According to recent research done by HSLDA, homeschooling students out-perform their public school peers. In this study, homeschool students scored between 34 & 39 percentile points higher than the norm on standardized achievement tests. Also, the national average for homeschoolers ranged from the 84th percentile for Language, Math, and Social Studies to the 89th percentile for Reading. If that data isn't enough to convince you that homeschoolers must be doing something right, then let's turn the tables and look directly at the public school system. Now, what I am going to say has nothing to do with the teachers and parents who have chosen to utilize the public schools, for I truly believe that they are sincere in their desire to educate children. However, there is a growing concern and a dominating corruption, along with a loss of ethics, that has taken over public education. Most of this is occurring at the federal and state level; however, there is also a large mass of school administrators and board members that are getting sucked into using public education as a means of promoting their self-interests and to make personal gains. It seems like every election year taxpayers are faced with voting for or against a new scheme to bring the local school district more revenue. "It's for the kids" is plastered all over yard signs, newspapers, mailings, and flyers. The average amount of money spent on each child in the public schools is about $10,000. Yes, you read that correctly. $10,000! You can say it's for class size, standards, accountability, and hiring qualified teachers until you're blue in the face, but do you ever really see a difference in the product of public schools? Is the overall outcome ever any better? In comparison, the average homeschooling family spends between $400 and $600 per child. Now, considering the earlier information, a homeschooling family is able to spend substantially less money on education and receive much greater results. Therefore, the answer to our public school problems cannot be a lack of money! Next, teachers are being forced to sacrifice the teaching of the curriculum in order to prepare the students for the test. THE TEST. That seems to be all that matters these days in terms of state education. I'm sorry, but when I look at my children I see bright eyes and smiling faces. I DO NOT see a test. Children are more than a test and they shouldn't be judged, placed, and labeled by what they can or cannot demonstrate on a test. Let's move on now. Shall we?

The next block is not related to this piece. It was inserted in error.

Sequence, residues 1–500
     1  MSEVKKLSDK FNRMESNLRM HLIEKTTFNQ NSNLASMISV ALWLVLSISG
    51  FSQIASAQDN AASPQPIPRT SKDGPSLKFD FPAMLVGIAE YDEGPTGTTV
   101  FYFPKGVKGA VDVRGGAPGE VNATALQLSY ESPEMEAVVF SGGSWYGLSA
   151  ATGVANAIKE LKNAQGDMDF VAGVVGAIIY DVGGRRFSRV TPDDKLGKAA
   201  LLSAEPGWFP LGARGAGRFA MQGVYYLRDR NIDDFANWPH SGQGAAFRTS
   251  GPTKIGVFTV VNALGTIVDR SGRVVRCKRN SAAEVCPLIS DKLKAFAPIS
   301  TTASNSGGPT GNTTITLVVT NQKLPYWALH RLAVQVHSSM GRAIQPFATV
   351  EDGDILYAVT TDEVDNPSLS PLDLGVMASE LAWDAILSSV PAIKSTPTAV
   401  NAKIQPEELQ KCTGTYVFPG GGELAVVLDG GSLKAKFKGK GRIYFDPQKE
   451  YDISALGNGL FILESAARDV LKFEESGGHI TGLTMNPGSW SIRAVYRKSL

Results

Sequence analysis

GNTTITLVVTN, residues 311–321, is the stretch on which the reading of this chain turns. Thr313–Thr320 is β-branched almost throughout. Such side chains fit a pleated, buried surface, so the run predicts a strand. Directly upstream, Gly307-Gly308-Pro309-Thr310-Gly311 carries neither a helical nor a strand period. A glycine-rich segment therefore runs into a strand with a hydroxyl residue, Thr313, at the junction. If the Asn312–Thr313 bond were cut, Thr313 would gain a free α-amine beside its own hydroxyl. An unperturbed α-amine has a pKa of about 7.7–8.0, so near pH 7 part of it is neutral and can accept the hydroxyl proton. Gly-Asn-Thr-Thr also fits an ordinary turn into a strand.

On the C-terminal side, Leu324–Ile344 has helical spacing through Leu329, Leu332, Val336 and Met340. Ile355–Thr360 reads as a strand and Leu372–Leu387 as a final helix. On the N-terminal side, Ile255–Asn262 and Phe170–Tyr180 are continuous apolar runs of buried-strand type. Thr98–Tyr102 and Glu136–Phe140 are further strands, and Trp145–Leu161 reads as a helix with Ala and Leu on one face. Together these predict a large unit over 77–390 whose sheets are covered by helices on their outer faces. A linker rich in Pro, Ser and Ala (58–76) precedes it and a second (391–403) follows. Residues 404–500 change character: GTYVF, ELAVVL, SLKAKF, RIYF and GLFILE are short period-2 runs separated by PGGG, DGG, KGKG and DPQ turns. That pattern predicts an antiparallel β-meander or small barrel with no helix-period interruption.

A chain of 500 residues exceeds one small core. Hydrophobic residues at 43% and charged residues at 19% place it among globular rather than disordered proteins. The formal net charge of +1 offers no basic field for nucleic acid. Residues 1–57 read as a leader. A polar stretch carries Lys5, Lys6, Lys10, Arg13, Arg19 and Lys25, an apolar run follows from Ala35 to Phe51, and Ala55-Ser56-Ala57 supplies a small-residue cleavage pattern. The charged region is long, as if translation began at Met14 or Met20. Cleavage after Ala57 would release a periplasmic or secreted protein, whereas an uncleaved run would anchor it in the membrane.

I believe that God has given me and my husband our children. He has entrusted us to raise, protect, and educate them. When our children were baptized, we made a promise that we would raise them up as Children of God. A biblical model of education is very important. In my opinion, it is the main ingredient that has been missing from most children's educational, and life, experiences. Education needs to focus on the Word of God. The home needs to be the center with the father in charge and engaged and standing up as a leader for the family. Schools do not teach to fear the Lord, that our actions have consequences beyond this life, that what may feel good to us now is not what truly matters. What matters is how our life lines up with what God has planned for us and commands of us. This does not include the moral acceptance of abortion, homosexuality, violence, racism, drugs, and murder. Whether you want to admit it or not, public schools do teach religion. They teach atheism - the absence and complete exclusion of God. Could there be a connection between failing schools and the absence of God? Let's move on.

If you believe and understand the Constitution, you already know that the federal government has no constitutional authority to make education policies. Even the U.S. Department of Education's website states that the role of the federal government in education is limited and most education policies are decided at the state and local level because of the tenth amendment. However, the federal government also allows the Department of Education to "promote educational excellence throughout the nation". And with the current state of our education system, it is easy to see how this allowance will result in limitless control and interventions at the federal level. (Cue drum roll) Enter COMMON CORE! Currently many states are looking at a federal take-over of their educational systems. Oh, they will deny that this is a federal take-over and that the control still lies with the local and state governments, but a skunk by any other name would still stink. And this stinks! So, what is the common core? It is a set of kindergarten to 12th grade standards that outline what students are expected to learn in language arts and math each year. The goal is not to promote literacy or proficiency, but to make students either college or career-ready. Not only will these standards do nothing to promote a greater educational experience, they will lower previously held standards and limit the teacher's ability to individualize instruction. This one-size-fits-all approach to teaching is a complete contradiction to the recent (and I guess now out-dated) approach of individualized and differentiated instruction. Under the common core, a teacher will be forced to teach from a nation-wide checklist of skills and follow a nation-wide pace and schedule of learning. This does not sound like a very interactive, hands-on, individualized, and advanced system of learning. It reminds me more of a factory system with the children sitting quietly along the assembly line and being stamped with bright red and blue and orange colors indicating which new skill they were just infused with. Where do the classics and the arts fall into the common core? Where does the ability to think for yourself fall into the common core? They do not. With all great accomplishments comes a great sacrifice. We are sacrificing our children's happiness, potential, and the ability to know how to think and not just what to think.